SMUG MONEY: Yes, I borrowed from the Bank of Mum and Dad, mea culpa

Written by Rebecca O'Connor on 3rd May 2016

There’s a lot of resentment around today aimed at first-time buyers who have parents willing to stump up deposits, mainly from those whose parents do not have enough to stump up their deposits, after Legal & General found that the Bank of Mum and Dad pays for around 25% of starter home loans and now technically qualifies as a top ten mortgage lender.

That resentment is misplaced. There’s nothing wrong with inter-generational help – the problem is that the craziness of house prices means there is increasingly no choice. And the consequence of equity-rich parents offering cash boosts to their offspring, of course, is that society’s haves continue to have more housing wealth, while the have nots continue to have none.

The blame for this lies partly with interest rate policy in response to the financial crisis. During the credit crunch, mortgage lenders tightened up on the riskiest, high LTV loans – the very loans that deposit-poor first-time buyers were using to scrape onto the ladder. The lenders arguably had no choice. They were at risk of losing money on bad loans and the Bank of England was calling for greater prudence. But what happened as a result caused huge distortions in housing wealth over the next few years.

Interest rates on mortgages for the already equity rich generation of older homeowners fell to almost nothing – down from around 5 per cent on average before the crisis to as little as 1.5 per cent for those who owned at least 35 per cent of their home’s value outright. And all they had done to deserve this massive monthly income boost was to sit in a house they had had the benefit of owning for the last 10+ years. Meanwhile, the ladder was retracted for the riskier new borrowers – if they managed to get approved at all, they would have to endure much higher interest rates than their parents’ generation were paying, to reflect the perceived greater risk they posed. Such is the misfortune of being born at the wrong time.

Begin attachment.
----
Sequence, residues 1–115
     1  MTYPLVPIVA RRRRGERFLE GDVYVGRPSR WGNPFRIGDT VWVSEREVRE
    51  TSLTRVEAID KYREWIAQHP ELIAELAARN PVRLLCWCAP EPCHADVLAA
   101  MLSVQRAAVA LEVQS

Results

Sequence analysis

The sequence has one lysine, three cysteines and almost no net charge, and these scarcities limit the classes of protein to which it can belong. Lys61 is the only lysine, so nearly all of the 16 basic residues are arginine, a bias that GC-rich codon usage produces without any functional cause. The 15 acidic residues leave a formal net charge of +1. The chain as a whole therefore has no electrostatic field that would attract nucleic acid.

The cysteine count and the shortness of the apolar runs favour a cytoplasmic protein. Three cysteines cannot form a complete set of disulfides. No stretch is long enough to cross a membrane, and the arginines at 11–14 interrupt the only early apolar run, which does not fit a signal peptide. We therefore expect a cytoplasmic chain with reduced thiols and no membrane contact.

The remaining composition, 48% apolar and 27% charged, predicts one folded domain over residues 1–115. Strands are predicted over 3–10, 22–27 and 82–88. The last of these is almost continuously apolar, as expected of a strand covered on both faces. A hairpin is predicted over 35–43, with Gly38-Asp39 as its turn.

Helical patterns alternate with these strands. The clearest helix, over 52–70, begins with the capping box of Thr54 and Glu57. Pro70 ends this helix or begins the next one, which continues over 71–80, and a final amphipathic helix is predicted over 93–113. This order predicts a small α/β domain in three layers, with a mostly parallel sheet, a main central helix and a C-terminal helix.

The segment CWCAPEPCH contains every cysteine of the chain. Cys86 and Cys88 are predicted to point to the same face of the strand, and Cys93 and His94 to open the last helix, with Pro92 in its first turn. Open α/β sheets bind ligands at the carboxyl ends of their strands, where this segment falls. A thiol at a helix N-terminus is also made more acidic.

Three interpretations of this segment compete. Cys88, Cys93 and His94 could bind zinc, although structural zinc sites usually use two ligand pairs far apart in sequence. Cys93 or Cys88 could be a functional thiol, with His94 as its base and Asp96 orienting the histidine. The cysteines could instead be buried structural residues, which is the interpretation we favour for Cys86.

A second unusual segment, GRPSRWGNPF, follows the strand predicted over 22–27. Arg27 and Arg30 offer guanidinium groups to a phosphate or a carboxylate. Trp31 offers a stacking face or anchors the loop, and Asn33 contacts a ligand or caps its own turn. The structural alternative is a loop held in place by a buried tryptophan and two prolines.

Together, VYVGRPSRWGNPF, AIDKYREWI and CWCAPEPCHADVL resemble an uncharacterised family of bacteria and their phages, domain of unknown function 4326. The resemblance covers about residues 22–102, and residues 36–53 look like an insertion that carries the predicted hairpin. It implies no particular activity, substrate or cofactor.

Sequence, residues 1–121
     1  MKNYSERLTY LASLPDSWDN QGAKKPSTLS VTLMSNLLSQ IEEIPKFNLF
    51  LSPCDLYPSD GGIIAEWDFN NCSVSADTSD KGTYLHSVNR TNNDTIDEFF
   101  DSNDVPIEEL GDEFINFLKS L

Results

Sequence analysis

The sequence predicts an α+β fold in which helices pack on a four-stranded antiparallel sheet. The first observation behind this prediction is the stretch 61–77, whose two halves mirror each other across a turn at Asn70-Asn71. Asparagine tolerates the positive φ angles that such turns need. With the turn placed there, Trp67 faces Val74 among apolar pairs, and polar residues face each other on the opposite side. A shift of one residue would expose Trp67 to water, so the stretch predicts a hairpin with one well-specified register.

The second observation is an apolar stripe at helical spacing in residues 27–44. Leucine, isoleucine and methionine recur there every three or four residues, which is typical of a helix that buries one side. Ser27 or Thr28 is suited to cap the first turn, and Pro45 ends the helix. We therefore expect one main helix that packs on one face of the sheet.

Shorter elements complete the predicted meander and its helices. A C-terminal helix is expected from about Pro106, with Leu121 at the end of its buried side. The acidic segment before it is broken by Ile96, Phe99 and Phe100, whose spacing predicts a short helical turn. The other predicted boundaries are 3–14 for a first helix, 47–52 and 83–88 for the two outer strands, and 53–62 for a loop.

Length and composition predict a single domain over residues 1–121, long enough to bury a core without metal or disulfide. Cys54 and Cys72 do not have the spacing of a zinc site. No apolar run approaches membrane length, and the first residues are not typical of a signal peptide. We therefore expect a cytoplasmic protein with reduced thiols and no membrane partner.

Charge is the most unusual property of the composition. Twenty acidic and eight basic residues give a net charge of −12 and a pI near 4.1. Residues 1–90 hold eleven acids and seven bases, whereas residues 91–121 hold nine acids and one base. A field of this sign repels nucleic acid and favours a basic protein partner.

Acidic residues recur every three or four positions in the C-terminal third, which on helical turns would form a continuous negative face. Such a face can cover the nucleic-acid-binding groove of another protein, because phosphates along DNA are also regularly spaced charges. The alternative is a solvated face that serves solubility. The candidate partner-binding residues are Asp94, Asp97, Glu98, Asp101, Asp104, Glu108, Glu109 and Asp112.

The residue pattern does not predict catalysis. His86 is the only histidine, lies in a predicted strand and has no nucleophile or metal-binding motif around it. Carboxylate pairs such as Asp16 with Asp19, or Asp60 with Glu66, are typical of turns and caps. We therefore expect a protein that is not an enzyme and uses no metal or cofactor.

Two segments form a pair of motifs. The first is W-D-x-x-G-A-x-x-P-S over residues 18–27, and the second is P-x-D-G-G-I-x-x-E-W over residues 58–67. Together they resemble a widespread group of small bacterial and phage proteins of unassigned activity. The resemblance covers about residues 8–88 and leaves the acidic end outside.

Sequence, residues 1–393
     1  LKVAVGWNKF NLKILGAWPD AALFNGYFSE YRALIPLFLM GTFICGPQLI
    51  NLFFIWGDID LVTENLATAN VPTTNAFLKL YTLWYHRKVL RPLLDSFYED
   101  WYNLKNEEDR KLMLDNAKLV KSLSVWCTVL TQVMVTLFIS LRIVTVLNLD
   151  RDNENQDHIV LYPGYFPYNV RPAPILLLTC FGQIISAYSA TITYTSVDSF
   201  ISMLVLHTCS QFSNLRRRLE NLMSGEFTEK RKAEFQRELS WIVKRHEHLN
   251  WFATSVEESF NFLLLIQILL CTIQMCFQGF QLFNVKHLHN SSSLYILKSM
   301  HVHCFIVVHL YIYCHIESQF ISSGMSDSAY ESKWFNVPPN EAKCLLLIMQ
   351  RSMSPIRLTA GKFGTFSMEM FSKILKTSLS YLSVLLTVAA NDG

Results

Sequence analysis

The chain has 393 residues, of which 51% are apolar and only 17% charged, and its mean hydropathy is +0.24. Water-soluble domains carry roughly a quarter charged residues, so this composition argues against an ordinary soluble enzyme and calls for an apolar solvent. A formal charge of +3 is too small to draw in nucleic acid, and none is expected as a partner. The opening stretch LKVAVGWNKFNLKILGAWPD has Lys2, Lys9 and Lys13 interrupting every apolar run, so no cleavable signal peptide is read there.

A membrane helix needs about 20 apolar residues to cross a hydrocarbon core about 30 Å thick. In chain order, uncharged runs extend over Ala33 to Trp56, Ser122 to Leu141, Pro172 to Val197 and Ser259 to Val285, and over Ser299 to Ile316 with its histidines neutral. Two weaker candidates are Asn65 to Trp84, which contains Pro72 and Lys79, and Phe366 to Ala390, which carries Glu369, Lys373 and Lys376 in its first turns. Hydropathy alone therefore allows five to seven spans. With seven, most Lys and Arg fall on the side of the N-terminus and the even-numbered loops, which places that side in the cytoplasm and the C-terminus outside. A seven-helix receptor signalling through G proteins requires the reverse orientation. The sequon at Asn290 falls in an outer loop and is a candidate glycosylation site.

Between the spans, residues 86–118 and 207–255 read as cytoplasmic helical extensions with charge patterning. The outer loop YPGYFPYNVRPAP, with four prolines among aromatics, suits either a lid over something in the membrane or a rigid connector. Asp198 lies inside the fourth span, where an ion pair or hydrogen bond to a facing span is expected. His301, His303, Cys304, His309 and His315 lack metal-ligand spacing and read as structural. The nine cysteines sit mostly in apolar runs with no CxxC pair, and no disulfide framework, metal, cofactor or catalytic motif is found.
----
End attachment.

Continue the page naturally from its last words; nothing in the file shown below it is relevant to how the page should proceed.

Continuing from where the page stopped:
The differential between an interest rate on a 100 per cent loan and the rate on a 65 per cent loan pre-2008 was probably around 2 per cent. After the base rate went down to 0.5 per cent, that differential widened to around 4 per cent. On a typical mortgage, this difference amounts to a few hundred pounds.

Say what you like about the risks of 100 per cent lending – at least such loans, which were stopped universally in the financial crisis of 2008, made the housing market more democratic.

But the mortgage industry rewards less risky borrowers more than ever before. Perhaps a solution to this inequality is to re-think whether first-time buyers with smaller deposits are always more risky. Because having equity doesn’t guarantee that someone will always meet their mortgage repayments. Younger people with good jobs have more chances for promotions and pay rises than older workers, for example. They are good future bets.

If mortgage lenders gave more weight to employment credentials and prospects where appropriate, they could offer lower rates at higher loan-to-value limits, making property ownership more affordable.

My loan from the Bank of Mum & Dad

Back in 2011, I got pregnant. Me and my partner (unmarried still!) were living in a one-bedroom flat in North London. We had been considering buying it, but then… duff.

We began to scour the provinces for commutable locations where starter family homes could be bought for less than £250,000. And we found Tunbridge Wells. My due date was an obvious deadline for our purchase.

The Bank of Mum and Dad (it was the Bank of Mum and Dad-in-law, actually), wanting to see us settled before their first grandchild appeared, offered us a gift of £20,000 towards the deposit. We managed to put about £6k in ourselves.

We took the offer gratefully (who wouldn’t?) But this doesn’t mean we had it easy.

This was at a time when 90% LTV mortgages were hard to get and interest on them was high. We paid a rate of 5.6 per cent for three years, while the loans of more established homeowners were between 1 and 2 per cent. After we remortgaged, our property value had increased. We moved house to a more expensive property, but found that we were able to get a much cheaper loan, although still relatively high compared to our parents’ interest rate – we now pay 3.4 per cent.

It doesn’t make sense to me that as I move up the ladder to bigger properties, my mortgage outgoings are falling. But that’s the craziness of the mortgage market. It’s a depressing state of affairs for those whose parents can’t help. Really, I feel it, I’ve been there and know the despair and fear for the future.

The bright spots are that the Government’s Help to Buy scheme is solving this problem for some and the Lifetime ISA will give a welcome boost to savings. More lenders are now offering better rates at higher LTVs, as the health of the housing market now seems more assured than it did even four years ago. There are no easy solutions to any of this. But more individual lending decisions just might help fill in some of the gaps.

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